Author Topic: Should I negotiate if they plan to raise my salary within next round of funding?  (Read 774 times)

sizzlinkola

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I just received an offer for 85K salary, 0.50% equity. They're a seed-funded startup and are closing out their next round. My base will increase to 110k and they anticipate it'll be within 45 days. This was all in the written offer.

My expectations was 90-100k, but if it'll increase to 110k - I'm more than happy. However, what if they don't close out or one of their deals go bust? Then I'm stuck at 85k.

How should I proceed with this?

Montecarlo

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I’d by curious to see what others think, but I feel you should expect financial uncertainty with a seed-funded startup.  I doubt the founders will have any sympathy.

Maybe try to negotiate a little more equity?

Edit to add - nothing wrong with asking for 90 to start either.

use2betrix

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Need more history...

What’s your current salary?
Are you employed?
Do you like your current job?
What other considerations are there?
Benefits compared to current job?
Difference in travel?

You need to have a set amount you will accept and draw a line in the sand. Everyone needs to have a breaking point where they are willing to walk away from a job offer. That will either A. Get them what they want, or B. Not involve them accepting a job for less than they want.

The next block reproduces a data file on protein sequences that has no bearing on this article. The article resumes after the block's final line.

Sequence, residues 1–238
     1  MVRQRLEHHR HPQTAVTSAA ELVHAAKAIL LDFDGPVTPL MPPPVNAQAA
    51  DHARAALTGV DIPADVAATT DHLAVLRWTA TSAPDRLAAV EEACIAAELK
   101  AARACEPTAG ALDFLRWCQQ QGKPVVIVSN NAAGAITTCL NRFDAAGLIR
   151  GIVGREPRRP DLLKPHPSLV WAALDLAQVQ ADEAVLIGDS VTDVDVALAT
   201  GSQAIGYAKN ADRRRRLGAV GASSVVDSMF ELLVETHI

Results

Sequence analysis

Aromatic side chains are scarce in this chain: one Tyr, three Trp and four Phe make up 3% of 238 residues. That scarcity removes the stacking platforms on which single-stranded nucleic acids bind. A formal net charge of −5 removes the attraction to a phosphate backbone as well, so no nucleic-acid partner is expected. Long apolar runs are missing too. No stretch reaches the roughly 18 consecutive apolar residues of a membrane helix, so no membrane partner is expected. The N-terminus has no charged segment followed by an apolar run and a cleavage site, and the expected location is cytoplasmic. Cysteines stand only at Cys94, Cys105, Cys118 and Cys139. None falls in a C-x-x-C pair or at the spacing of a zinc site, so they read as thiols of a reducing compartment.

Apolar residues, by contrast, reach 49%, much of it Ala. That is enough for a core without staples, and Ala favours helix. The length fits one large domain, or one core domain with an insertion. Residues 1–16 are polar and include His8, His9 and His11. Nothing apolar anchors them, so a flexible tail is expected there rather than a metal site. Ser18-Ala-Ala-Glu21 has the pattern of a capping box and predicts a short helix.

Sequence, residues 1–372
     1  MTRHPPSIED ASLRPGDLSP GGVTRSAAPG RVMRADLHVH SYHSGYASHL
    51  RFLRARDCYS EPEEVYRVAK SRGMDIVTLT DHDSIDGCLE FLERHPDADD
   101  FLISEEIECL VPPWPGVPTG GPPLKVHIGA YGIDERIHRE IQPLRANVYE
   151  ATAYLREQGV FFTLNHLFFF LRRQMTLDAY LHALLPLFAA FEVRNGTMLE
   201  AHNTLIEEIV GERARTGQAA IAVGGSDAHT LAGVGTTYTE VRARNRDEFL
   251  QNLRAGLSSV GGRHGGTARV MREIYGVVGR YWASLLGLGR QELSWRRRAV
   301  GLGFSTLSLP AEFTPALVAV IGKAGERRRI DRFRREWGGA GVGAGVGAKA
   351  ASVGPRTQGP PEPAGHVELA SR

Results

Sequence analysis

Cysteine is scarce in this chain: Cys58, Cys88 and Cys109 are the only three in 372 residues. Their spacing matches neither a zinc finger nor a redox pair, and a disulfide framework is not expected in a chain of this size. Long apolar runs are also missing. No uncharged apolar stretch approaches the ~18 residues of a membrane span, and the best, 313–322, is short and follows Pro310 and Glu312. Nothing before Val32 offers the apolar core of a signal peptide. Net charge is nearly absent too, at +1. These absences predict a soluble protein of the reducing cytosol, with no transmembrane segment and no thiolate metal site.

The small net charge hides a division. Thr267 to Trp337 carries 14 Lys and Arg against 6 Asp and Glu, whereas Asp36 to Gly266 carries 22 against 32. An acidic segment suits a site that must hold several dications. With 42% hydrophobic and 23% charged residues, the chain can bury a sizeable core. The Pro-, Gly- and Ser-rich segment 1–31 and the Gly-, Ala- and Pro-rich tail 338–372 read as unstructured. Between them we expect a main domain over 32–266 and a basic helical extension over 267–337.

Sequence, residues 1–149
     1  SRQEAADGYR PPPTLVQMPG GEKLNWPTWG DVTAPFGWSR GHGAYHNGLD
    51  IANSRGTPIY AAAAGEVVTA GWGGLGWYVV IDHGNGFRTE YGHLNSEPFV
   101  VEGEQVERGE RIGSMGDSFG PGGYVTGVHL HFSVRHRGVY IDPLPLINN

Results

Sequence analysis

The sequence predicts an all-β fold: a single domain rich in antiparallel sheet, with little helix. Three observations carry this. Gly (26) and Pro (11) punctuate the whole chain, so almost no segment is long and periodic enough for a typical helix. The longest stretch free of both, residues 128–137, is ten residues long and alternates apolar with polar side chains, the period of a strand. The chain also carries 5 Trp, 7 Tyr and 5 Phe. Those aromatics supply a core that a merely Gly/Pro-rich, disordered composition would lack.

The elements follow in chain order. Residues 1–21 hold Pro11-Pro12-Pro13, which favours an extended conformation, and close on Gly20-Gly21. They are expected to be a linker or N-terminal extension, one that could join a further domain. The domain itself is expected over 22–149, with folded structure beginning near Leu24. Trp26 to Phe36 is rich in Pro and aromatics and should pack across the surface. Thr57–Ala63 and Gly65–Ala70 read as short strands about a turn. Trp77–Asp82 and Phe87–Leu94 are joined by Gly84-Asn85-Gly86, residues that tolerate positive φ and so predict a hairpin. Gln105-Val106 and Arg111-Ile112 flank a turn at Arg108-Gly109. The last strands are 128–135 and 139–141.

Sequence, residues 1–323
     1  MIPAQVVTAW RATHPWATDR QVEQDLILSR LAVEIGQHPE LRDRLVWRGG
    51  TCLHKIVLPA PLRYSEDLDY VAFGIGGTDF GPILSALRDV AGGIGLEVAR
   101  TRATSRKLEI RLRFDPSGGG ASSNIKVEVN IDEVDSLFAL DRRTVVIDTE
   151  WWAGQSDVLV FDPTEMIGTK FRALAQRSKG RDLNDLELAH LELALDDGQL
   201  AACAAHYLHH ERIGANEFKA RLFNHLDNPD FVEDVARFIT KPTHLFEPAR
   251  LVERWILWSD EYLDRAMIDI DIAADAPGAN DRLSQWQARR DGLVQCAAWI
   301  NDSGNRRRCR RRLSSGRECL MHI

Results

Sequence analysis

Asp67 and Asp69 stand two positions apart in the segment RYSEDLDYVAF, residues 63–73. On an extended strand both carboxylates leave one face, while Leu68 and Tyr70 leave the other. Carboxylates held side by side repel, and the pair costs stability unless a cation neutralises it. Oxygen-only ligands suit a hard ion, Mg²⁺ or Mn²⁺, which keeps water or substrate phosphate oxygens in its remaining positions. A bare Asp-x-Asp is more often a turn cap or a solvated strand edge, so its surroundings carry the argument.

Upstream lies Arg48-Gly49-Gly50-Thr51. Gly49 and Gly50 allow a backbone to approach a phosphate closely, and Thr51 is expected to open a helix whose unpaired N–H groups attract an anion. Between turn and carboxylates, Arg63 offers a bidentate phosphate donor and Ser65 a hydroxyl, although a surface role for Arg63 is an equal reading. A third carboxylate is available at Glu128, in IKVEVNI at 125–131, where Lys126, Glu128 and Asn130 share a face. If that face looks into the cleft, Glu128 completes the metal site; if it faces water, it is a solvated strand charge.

I worked a job a few years ago where I negotiated 50 hours/wk (hourly) while everyone else only worked 40 hours. It pissed a bunch of the long term guys off that I was working the overtime. I made my point very clear, “the difference is, I would not be working this job if I was only working 40 hours.” And it was true, that was my cutoff point. If they wouldn’t have guaranteed my 50 hours, I would not have been working that job.

terran

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Based on the title I was going to say money in the actual paycheck is all that matters, promises about what will happen don't mean anything, but since it's in the offer letter, I guess that's just as firm as any offer of employment at a certain salary, so I just don't know. I'll also be curious to see what others say.

sizzlinkola

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Based on the title I was going to say money in the actual paycheck is all that matters, promises about what will happen don't mean anything, but since it's in the offer letter, I guess that's just as firm as any offer of employment at a certain salary, so I just don't know. I'll also be curious to see what others say.

Being in the offer letter, it leads me to believe they'll strive to keep their side of the bargain. You never know though in the startup world.

Need more history...

What’s your current salary?
Are you employed?
Do you like your current job?
What other considerations are there?
Benefits compared to current job?
Difference in travel?

You need to have a set amount you will accept and draw a line in the sand. Everyone needs to have a breaking point where they are willing to walk away from a job offer. That will either A. Get them what they want, or B. Not involve them accepting a job for less than they want.

I worked a job a few years ago where I negotiated 50 hours/wk (hourly) while everyone else only worked 40 hours. It pissed a bunch of the long term guys off that I was working the overtime. I made my point very clear, “the difference is, I would not be working this job if I was only working 40 hours.” And it was true, that was my cutoff point. If they wouldn’t have guaranteed my 50 hours, I would not have been working that job.